Dental implants in Miami Beach

Dental Implants in Miami Beach, FL

Dental implant dentist, Dr. Mereos, has been restoring dental implants in Miami Beach for over 20 years. Hi patients love the way dental implants look like natural teeth and they love to be able to chew with confidence and eat their favorite meals again.

Implants are a great way to replace missing teeth. If you have lost a tooth, it is likely that one of your options is to replace it with a dental implant. Dental implants can be the most natural looking replacement for one or more missing teeth.  Dental implants can restore the functionality of teeth and bite as well as provide a great new look for your smile. Dental implants are one of the standard cosmetic dental options offered at Precious Smiles Cosmetic Dentistry in Miami Beach.

Below are some of the most commonly asked questions about Dental Implants:

What Is a Dental Implant?

A dental implant is a titanium metal replacement for a root of a tooth that is surgically implanted in the jawbone. Though there’s some evidence that ancient people may have tried to create dental implants from pieces of shell, nothing beats modern titanium. In the 1960’s, it was discovered that bone will grow so close to a titanium implant that bone and implant essentially become one.

As the body heals for approximately two to six months after the surgery, the bone around the implant fuses to the implant through a process called osseointegration. After the healing phase is complete, the implants are used to anchor crowns, bridges, or dentures. This way you can replace one tooth, a full arch of teeth, or a full mouth of teeth with dental implants.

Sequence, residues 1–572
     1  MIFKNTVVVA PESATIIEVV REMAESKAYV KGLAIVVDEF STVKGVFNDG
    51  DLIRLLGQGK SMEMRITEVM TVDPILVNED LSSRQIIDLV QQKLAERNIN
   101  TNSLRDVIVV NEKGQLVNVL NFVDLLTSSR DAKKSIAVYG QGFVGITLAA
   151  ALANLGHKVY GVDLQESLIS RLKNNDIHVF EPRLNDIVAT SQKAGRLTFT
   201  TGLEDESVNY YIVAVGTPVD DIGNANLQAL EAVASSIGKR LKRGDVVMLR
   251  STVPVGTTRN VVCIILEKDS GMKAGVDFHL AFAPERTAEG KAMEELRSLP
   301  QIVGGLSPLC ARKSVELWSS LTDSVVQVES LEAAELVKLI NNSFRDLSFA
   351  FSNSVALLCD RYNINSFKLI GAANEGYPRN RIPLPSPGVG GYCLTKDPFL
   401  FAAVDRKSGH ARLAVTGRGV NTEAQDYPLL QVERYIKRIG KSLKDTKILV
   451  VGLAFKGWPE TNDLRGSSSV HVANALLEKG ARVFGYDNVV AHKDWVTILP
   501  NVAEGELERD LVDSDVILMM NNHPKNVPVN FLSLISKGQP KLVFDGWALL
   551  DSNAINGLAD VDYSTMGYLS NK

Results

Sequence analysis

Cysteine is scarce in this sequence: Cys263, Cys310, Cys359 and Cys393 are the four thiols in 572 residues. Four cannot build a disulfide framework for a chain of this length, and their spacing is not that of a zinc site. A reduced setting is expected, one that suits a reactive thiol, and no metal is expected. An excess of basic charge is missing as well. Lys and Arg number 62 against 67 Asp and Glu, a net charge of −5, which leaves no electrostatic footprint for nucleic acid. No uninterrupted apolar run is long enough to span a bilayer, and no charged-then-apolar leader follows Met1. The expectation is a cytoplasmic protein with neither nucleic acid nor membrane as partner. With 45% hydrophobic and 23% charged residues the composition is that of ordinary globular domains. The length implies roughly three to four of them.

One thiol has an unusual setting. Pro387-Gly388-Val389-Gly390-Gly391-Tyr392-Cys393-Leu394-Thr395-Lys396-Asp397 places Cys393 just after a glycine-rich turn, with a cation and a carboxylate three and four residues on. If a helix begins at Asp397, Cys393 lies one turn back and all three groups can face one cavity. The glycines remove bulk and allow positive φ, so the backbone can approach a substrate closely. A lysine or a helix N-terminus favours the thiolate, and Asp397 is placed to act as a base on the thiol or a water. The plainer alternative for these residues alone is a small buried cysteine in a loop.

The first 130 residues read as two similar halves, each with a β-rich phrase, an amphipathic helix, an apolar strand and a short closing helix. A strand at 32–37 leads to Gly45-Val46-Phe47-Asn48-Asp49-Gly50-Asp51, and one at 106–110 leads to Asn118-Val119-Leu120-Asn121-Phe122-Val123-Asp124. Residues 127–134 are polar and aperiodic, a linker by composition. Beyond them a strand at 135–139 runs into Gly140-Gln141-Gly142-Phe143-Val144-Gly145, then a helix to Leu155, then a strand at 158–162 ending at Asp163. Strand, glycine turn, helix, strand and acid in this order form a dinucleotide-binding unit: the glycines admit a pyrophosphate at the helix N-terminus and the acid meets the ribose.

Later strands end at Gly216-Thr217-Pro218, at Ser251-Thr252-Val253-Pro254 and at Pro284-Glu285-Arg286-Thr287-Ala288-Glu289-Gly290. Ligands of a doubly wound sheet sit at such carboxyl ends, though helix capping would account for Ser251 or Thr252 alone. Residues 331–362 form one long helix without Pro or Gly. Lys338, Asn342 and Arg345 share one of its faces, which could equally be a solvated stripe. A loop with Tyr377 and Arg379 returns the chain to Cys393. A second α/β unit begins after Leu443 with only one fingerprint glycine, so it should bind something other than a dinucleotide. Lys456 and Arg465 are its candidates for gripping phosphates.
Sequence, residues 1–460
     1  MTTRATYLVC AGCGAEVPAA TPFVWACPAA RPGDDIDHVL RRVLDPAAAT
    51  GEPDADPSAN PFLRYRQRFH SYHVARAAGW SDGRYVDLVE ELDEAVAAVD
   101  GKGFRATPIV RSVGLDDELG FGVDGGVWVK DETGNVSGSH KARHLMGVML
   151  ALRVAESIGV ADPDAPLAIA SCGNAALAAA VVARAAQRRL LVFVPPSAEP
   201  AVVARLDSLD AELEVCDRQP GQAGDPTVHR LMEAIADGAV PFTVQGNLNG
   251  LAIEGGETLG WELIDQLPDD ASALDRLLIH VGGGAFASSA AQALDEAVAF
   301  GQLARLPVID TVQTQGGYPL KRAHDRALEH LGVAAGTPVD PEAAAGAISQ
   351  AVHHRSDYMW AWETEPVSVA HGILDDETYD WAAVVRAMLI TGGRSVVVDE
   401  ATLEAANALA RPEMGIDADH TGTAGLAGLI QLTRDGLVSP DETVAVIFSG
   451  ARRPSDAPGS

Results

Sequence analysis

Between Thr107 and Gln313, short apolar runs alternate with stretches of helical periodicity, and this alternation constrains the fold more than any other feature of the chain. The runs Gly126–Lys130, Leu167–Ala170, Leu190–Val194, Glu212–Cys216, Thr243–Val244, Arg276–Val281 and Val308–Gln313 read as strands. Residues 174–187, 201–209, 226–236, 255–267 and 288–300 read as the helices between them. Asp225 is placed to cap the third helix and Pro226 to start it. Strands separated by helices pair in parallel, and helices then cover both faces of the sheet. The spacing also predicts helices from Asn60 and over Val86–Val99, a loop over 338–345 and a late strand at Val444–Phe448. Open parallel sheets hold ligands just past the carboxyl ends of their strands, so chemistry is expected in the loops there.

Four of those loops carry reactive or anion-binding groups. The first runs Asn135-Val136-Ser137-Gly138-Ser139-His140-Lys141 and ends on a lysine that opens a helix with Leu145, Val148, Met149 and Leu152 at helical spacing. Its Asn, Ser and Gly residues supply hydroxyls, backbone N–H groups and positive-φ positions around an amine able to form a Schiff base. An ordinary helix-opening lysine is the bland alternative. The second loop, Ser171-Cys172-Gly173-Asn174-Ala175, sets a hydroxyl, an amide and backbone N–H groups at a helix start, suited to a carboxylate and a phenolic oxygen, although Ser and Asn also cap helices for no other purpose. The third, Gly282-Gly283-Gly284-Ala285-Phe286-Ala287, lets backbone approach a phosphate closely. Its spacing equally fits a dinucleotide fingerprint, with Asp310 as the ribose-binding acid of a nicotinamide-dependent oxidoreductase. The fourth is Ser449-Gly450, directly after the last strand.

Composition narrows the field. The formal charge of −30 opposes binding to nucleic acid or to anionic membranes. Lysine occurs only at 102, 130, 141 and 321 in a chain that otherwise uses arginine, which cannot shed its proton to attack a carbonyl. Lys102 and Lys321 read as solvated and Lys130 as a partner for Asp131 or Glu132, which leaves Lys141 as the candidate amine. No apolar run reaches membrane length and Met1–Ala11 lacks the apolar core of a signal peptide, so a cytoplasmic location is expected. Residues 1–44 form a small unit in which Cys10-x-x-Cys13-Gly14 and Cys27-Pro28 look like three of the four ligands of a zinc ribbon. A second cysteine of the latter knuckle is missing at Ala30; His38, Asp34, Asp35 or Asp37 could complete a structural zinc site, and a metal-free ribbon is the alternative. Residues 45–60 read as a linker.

What Is the Dental Implant Process Like?

The process of dental implants begin with a thorough evaluation of the patient’s medical and dental history, and a full clinical examination of the entire mouth and missing tooth area. The clinical exam will include specific X-rays and often a 3-D scan that can show us additional information about your mouth that conventional x-rays simply can't. After assessing the patient, a comprehensive treatment plan is devised with a surgical team.

Implants are surgically placed in the jawbone under local anesthesia or sedation anesthesia. The length of the healing time is based on the quality and quantity of bone, as well as the type of implant placed. After adequate healing is allowed to occur, the implant can be used to support a crown, bridge, or denture.

How Many Dental Implants Should Be Placed?

This is a question that should be determined during the treatment plan. A good rule-of thumb is to place one implant for each tooth replaced. Other decisive factors for the number of implants needed for success is the quality and quantity of the patient’s bone. Equally as important are the existing anatomy of the bone and the financial resources of the patient. Placing enough implants to restore teeth is vitally important to the long-term success of the restoration. Simply stated, the most costly mistake is to have an implant fail because not enough implants are placed to support the teeth. New dental implant technology now allows us to replace a full arch of teeth with 4 to 6 dental implants. The amount will vary on your specific case depending on the amount of bone available to stabilize the implants.

Who Should You See about Getting Dental Implants?